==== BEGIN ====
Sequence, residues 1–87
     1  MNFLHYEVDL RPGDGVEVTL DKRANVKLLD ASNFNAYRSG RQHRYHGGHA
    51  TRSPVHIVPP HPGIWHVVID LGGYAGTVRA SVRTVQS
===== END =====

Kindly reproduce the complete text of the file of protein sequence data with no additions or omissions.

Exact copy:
Sequence, residues 1–87
     1  MNFLHYEVDL RPGDGVEVTL DKRANVKLLD ASNFNAYRSG RQHRYHGGHA
    51  TRSPVHIVPP HPGIWHVVID LGGYAGTVRA SVRTVQS